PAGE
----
13. Sleep In! Take Naps!

Adequate sleep is another key factor of an optimally functioning immune system. In fact, research demonstrates that lack of sleep can make you more susceptible to viruses. While we sleep, our immune systems are busy creating a set of proteins called cytokines, which help us fight off infections. Inadequate sleep lowers the amount of cytokines our body can produce, lowering our overall immune strength (cite).

14. Work on Reducing Your Stress & Anxiety Levels

t is well known that chronic stress can – and will – negatively affect your immune functioning (cite). Learning to recognize, address, and ultimately minimize your stress levels over time is a difficult journey, but absolutely worthwhile. If you already have practices in place to help you manage stress, now is the time to lean into them. This is a common topic of discussion during one-on-one sessions with my autoimmune clients. If you are new to working with stress, here are some suggestions:

Explore meditating

If you are new to the practice, I highly recommend the Buddhify app. Buddhify has many pre-recorded guided meditations that are easily categorized to pair with your current mindset (stress, anxiety, fear, etc) or activity (waking up, going to sleep, trouble going to sleep, walking, on a work break, etc). This inexpensive app will be your best friend for years to come.

Practice yoga, or another mindful movement

There are increasing online yoga classes and resources during this time, such as this excellent anti-anxiety home yoga routine, by yoga and meditation instructor Chris Johnson. If you are in need of relaxation over a “work out”, then search for a yin yoga offering. 

My guided meditation for eating video is another good resource.

Try adaptogen herbs

These are herbs that help the body handle stress (citecite). There are several adaptogenic herbs. I often steer my clients towards ashwagandha – which has been shown to significantly reduce stress levels (cite) – as it is affordable and easily purchased in pill or tincture form. Another great adaptogen is reishi – known for its immune boosting properties (cite). I like mixing the mushroom powders from Four Sigmatic with reishi into my decaf morning coffee.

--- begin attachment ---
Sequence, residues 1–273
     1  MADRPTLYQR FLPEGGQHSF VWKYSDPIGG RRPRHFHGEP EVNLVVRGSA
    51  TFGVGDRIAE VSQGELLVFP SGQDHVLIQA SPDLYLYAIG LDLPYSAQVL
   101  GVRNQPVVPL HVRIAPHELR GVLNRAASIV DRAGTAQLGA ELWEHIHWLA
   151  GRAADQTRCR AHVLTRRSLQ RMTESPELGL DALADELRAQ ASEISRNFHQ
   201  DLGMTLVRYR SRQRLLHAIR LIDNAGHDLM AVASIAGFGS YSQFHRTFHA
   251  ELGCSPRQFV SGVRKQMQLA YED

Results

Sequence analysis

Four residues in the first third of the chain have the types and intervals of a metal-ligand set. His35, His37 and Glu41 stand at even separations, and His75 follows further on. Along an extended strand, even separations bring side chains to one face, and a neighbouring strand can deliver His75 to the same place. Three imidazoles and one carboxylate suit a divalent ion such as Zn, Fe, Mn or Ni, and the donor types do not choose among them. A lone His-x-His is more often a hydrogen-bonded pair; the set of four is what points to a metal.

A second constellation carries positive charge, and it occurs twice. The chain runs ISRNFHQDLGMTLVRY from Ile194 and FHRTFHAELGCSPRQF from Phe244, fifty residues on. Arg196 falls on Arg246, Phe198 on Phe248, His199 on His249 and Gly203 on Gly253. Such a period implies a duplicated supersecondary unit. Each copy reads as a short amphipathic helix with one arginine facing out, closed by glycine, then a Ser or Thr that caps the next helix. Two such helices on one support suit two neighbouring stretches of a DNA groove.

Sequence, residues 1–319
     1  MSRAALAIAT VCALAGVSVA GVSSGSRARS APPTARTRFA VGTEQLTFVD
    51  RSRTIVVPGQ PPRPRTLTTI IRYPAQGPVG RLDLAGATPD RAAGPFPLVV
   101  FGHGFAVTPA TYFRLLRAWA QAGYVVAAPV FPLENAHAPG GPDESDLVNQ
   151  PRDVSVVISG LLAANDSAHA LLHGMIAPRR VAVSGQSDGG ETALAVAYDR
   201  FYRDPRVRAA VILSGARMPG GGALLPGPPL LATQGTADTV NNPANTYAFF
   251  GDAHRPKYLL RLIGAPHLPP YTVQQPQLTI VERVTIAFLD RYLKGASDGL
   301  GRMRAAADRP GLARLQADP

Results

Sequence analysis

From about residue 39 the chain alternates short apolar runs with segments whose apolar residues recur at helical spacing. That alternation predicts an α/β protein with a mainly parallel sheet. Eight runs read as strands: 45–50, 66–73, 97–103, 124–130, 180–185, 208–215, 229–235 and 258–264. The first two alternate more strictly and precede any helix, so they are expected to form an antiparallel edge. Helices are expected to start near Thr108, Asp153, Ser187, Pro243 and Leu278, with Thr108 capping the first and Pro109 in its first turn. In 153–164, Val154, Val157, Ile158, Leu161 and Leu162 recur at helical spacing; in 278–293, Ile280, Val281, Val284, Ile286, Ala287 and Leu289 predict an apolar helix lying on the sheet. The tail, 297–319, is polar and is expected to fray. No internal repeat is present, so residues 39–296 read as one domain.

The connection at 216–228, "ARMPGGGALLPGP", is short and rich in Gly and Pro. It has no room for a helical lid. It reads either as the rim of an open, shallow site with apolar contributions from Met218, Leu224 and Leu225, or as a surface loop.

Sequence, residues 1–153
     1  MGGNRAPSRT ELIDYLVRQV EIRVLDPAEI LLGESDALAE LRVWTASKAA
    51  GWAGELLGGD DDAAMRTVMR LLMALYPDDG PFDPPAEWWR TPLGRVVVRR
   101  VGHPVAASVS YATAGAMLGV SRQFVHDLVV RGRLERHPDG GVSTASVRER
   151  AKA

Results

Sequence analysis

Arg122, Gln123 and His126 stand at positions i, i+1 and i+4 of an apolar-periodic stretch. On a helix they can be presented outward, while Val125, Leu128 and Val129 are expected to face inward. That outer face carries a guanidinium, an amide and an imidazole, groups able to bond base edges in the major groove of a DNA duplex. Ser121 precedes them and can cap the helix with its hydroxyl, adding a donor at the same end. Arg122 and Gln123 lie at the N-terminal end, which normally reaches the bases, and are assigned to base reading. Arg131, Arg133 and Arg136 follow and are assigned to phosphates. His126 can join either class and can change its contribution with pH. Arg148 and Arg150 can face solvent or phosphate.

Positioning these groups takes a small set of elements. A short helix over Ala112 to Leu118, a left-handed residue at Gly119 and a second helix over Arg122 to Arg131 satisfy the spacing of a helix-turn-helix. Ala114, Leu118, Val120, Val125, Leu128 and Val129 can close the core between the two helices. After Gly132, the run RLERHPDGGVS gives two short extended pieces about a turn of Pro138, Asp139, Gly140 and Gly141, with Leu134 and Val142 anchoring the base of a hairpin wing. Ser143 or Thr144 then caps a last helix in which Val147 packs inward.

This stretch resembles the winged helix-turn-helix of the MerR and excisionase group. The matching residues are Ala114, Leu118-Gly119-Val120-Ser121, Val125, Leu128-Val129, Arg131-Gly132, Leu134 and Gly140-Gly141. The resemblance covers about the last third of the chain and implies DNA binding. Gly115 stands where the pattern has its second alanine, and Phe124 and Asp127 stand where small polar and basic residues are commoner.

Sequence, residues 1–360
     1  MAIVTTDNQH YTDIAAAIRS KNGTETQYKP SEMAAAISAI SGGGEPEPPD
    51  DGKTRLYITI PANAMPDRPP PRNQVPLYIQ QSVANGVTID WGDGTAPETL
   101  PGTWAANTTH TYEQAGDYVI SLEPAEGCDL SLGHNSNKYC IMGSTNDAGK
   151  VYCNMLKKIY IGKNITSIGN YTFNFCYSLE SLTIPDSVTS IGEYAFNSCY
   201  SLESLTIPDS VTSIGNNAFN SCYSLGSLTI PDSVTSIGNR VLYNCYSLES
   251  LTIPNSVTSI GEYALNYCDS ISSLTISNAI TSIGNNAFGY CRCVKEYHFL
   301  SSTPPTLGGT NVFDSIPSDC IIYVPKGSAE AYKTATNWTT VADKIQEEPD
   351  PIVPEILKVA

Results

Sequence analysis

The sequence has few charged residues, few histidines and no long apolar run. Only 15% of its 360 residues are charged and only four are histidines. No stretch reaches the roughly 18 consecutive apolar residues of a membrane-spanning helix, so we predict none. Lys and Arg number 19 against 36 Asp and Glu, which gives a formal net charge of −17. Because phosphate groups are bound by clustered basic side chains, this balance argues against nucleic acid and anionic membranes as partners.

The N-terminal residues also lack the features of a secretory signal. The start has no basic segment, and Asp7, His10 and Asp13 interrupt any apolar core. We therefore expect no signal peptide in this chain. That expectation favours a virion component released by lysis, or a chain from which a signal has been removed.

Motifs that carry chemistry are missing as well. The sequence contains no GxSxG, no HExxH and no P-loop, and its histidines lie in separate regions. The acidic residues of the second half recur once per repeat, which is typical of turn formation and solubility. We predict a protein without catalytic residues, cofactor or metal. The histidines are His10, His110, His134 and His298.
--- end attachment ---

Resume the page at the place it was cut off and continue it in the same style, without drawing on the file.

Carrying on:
Consume more magnesium

Magnesium has anxiety-reducing properties (cite), and is considered a common deficiency in Westernized societies (cite). Work on increasing your intake of foods high in magnesium (below). For more information on magnesium supplements, explore this article.

  • Sources: almond, tofu (ideally organic), banana, dark chocolate (choose the brand with the lowest sugar content), avocado, nuts (like cashews, Brazil nuts), leafy greens (like kale, spinach, collard greens, turnip greens, mustard greens), legumes (like lentils, beans, chickpeas, peas and soybeans), seeds (like flax, pumpkin and chia seeds), whole grains (like whole wheat, oats, barley, buckwheat, quinoa), fatty fish (like salmon, mackerel, halibut)
  • Get my free Immune Boosting Grocery List here!


It’s spring – time to dig in the dirt! Preliminary research indicates that gardening can promote relief from acute stress (cite). If you’re new to gardening or have limited space, try container gardening.

15. Obviously… Quit Smoking or Vaping Now!

Has there ever been a better time to quit? It is now being theorized that vaping may increase your risk of becoming infected with COVID-19 and/or experiencing more severe symptoms (cite). The same is considered true at this point in time for cigarette, tobacco, and cannabis smokers (cite).

1 thought on “<center>15 Ways to Boost Your Immune System In the Time of COVID-19 – with Special Considerations for Autoimmune Folks</center>”

  1. There’s definately a great deal to find out about this topic.
    I like all of the points you’ve made.